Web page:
Critics contend that the influx of nontraditionals into the college student market has accelerated a trend toward the “massification” of collegiate education – that is, that it has led to a watered down pedagogy that is far below the goals and expectation of the elite colleges. Nonetheless, the improvements in education oriented toward accommodation of the nontraditional student have had the practical effect of making college more affordable and accessible to all classes of people.
In the article, “Revolution Hits the Universities” (2013), author Thomas Friedman argues that massive open online courses (MOOC’s) that are being developed by several prestigious universities are going to revolutionize learning. Friedman suggests that with online courses, learning can be extended to all types of students while pushing the physical boundaries of the classroom. The vast benefits include access for minorities such as those with low income, learning disabilities, and from poor countries, but additionally also benefits students and professors existing in the university system. Friedman’s target audience in “Revolution Hits the Universities” is middle class North American readers who are familiar with the current education systems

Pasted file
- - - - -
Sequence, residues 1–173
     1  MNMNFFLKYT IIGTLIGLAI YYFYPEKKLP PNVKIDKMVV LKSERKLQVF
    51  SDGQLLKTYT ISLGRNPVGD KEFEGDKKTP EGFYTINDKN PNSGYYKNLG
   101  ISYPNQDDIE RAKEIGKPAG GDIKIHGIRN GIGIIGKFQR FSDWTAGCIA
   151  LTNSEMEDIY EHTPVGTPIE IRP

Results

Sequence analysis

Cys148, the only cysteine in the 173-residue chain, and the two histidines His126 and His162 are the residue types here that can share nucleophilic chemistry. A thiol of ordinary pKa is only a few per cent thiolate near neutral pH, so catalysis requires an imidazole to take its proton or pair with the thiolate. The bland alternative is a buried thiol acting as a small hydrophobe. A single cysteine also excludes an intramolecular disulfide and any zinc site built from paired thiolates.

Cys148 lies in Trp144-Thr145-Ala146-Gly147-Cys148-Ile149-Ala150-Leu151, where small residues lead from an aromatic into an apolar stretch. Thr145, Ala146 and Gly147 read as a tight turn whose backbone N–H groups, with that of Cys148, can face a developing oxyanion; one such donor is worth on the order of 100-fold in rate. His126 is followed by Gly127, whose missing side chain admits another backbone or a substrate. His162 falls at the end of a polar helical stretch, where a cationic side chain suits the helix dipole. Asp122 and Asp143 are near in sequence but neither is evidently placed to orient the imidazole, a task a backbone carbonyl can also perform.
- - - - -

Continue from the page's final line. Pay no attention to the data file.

The right and privilege to higher education in today’s society teeters like the scales of justice. In reading Andrew Delbanco’s, “College: What It Was, Is, and Should Be, it is apparent that Delbanco believes that the main role of college is to accommodate that needs of all students in providing opportunities to discover individual passions and dreams while furthering and enhancing the economic strength of the nation. Additionally, Delbanco also views college as more than just a time to prepare for a job in the future but a way in which students and young adults can prepare for their future lives so they are meaningful and purposeful. Even more important is the role that college will play in helping and guiding students to learn how to accept alternate point of views and the importance that differing views play in a democratic society. With that said, the issue is not the importance that higher education plays in society, but exactly who should pay the costly price tag of higher education is a raging debate in all social classes, cultures, socioeconomic groups and races.